The reality behind “Homes under the hammer”

A picture to represent Buying at Property Auctions

Hey folks. This post may seem a bit out of place on a website design business blog – but I like to share entrepreneurship stories, business news and general things that might interest our audience. Today, we’re talking property…

Part of my personal investment strategy is to diversify my earnings across a range of different asset types. I dabble with stocks, bonds, cryptocurrency, peer-to-peer lending and many others. For me, it’s not just about ‘earning money on my money’, it’s also a fun game to play. Sometimes I will invest as little as £50 per month, but I always try and put something in. I enjoy figuring this way and that, how I can get the best return on my investment. (I will be talking more about my investment strategy in future articles). My favourite asset class however, has and always will be; property.

Recently, I decided to look into auction property. I’ve never been to an auction or bought from one – but shows like Homes Under The Hammer make it look appealing. I have bought property in the past, so I thought I’d do some research to see the differences. The results make for interesting reading…

Auction Statistics

The following figures have been rounded. We analysed 135 auction properties from across the UK and a variety of types (flats, houses, land, leasehold, freehold). We tried to get a good spread and a fair representation of the market.


The average auction property sold for 26% above the listing price. This means that if you are looking for a bargain, don’t forget that you are unlikely to get the property at the listed price.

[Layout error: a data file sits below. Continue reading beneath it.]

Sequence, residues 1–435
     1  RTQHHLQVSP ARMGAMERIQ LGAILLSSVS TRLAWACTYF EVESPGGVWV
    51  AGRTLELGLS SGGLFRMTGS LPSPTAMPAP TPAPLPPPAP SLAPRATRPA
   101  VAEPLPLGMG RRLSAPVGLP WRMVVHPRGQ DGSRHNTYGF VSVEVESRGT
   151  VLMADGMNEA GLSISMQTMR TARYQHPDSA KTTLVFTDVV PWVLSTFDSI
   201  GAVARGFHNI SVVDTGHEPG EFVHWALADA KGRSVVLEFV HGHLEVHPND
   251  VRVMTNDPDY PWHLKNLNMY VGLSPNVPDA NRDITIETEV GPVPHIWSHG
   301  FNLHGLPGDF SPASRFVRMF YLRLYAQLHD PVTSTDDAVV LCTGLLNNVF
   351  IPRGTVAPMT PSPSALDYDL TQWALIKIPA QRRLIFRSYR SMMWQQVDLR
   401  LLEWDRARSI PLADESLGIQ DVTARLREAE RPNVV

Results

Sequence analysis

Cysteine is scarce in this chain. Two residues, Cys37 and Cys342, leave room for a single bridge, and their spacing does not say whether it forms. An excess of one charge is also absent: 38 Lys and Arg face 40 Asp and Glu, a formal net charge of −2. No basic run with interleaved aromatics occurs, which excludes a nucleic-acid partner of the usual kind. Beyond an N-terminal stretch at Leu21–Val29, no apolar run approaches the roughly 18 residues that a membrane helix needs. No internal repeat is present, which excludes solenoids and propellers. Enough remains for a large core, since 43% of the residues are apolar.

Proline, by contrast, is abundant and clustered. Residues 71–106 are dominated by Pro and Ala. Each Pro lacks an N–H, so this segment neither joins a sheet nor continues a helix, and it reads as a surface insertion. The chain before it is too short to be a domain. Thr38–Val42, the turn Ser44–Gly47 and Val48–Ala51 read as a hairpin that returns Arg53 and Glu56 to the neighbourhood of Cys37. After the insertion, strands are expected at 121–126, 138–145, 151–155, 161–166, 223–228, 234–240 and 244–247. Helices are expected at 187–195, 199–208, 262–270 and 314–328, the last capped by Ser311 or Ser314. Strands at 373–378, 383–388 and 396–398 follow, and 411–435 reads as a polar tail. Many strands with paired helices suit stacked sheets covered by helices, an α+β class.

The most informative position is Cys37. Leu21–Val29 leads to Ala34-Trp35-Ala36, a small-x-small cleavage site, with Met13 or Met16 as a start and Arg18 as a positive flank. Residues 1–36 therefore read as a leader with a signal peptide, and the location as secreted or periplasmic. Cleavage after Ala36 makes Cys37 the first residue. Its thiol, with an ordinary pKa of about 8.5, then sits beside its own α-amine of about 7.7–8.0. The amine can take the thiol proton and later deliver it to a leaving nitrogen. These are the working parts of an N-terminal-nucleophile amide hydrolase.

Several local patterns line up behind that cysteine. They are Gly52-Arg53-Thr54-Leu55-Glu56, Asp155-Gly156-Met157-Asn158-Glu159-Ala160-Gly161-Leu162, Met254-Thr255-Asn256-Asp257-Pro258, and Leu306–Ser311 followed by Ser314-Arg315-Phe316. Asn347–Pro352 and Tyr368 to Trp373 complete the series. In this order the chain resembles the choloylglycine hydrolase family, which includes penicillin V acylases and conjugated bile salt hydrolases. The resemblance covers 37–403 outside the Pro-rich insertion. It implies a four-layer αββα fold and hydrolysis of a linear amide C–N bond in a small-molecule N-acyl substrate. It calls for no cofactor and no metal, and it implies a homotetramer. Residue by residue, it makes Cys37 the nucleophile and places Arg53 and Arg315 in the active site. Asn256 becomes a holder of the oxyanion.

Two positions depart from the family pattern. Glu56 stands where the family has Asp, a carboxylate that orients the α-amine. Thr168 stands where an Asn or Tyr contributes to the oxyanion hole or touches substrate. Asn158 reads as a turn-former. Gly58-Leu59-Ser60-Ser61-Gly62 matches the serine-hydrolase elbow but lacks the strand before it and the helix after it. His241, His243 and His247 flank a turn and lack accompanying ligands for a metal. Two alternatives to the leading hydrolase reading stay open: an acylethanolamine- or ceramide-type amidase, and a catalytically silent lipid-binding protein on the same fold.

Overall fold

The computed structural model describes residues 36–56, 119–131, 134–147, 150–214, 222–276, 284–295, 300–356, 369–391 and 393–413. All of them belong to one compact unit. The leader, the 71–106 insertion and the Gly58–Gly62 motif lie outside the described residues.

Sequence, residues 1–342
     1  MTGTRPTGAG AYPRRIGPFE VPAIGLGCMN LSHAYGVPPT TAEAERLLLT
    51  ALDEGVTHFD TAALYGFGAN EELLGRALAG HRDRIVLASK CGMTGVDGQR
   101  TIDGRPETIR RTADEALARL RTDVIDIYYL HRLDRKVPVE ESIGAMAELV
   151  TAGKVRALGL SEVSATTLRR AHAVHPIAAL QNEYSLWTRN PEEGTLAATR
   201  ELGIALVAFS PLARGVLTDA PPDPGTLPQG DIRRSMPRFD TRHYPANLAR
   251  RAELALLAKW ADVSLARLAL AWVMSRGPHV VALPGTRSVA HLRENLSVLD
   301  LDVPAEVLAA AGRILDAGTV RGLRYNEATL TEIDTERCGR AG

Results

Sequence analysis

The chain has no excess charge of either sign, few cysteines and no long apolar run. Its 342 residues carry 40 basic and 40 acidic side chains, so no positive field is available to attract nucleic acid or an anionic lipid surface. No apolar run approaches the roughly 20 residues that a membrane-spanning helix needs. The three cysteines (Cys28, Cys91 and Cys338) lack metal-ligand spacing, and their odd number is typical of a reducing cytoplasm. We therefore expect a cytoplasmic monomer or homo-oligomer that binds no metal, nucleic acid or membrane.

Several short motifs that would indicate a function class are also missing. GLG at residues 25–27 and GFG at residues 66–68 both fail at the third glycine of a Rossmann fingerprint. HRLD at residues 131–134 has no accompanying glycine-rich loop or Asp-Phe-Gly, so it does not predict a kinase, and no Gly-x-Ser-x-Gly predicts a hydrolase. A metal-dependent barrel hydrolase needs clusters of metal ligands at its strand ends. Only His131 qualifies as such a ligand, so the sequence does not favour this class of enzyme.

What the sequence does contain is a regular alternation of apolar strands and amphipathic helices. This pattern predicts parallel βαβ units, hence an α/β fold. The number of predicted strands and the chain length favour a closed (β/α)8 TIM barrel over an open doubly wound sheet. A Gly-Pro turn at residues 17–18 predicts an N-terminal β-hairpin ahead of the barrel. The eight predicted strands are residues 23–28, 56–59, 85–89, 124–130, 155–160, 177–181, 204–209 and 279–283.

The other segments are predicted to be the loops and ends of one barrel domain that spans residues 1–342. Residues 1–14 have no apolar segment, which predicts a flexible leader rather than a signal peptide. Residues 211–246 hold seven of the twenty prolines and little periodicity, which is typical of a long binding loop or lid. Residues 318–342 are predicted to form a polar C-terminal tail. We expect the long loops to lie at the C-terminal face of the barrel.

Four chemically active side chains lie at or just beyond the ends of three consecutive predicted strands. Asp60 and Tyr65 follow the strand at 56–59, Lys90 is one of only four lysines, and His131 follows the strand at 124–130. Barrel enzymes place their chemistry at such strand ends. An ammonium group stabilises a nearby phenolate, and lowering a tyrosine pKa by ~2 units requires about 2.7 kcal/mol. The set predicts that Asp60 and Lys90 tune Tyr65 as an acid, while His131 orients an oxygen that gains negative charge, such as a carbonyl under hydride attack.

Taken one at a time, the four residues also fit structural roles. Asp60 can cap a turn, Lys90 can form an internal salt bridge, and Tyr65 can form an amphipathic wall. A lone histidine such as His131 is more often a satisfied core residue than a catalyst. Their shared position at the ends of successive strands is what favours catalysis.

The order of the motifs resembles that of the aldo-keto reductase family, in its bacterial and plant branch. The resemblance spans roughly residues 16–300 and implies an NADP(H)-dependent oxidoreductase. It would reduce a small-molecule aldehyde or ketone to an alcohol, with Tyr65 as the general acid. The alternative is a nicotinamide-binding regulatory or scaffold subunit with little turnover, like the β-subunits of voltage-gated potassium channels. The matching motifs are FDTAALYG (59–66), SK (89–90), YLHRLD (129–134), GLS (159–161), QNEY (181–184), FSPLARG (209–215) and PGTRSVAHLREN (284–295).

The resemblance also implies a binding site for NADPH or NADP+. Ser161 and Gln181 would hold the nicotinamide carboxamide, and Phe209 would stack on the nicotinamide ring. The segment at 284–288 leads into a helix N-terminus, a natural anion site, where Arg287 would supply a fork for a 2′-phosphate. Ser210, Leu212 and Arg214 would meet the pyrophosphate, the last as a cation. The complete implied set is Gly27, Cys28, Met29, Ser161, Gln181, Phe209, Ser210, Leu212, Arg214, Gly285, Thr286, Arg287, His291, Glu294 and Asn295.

Unsold Properties

37% of the properties we looked at, didn’t sell. For various reasons, including not meeting the minimum price, being withdrawn or simply no interest. This may represent an opportunity to get something when others don’t want the risk, or it may simply mean that a lot of the property stock at auctions is junk.

Price for 2 Bedrooms

The average sold price for a 2 bedroom property at auction was £180,762

Time on Lease Left

The average time left on a lease was 207 years. This stat isn’t particularly helpful unless you look at the data itself. Some properties had around 900 – 999 years left whilst many others were less than 100. General wisdom is that you should not let a lease get to less than 75 years.


These were just some of the interesting stats I found. If anyone is interested in more information, just drop me an email: [email protected]. I plan on writing more about investing and some of the lessons I’ve learnt so subscribe to stay up-to-date.

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Web Wise Media is a website design and marketing company based in London and the South West (Devon) of England.

Thanks for reading

– Dan Wiseman, Founder


Disclaimer: We do not take responsibility for any inaccuracies in this data and be aware that errors may be present. Please do not use this data for anything serious and always seek professional advice before getting involved in any investment.



About the author

Dan Wiseman

Founder & director of Web Wise. He writes about web design, marketing, entrepreneurship, investing and games. Dan regularly speaks on these subjects and is available for coaching and consultancy.

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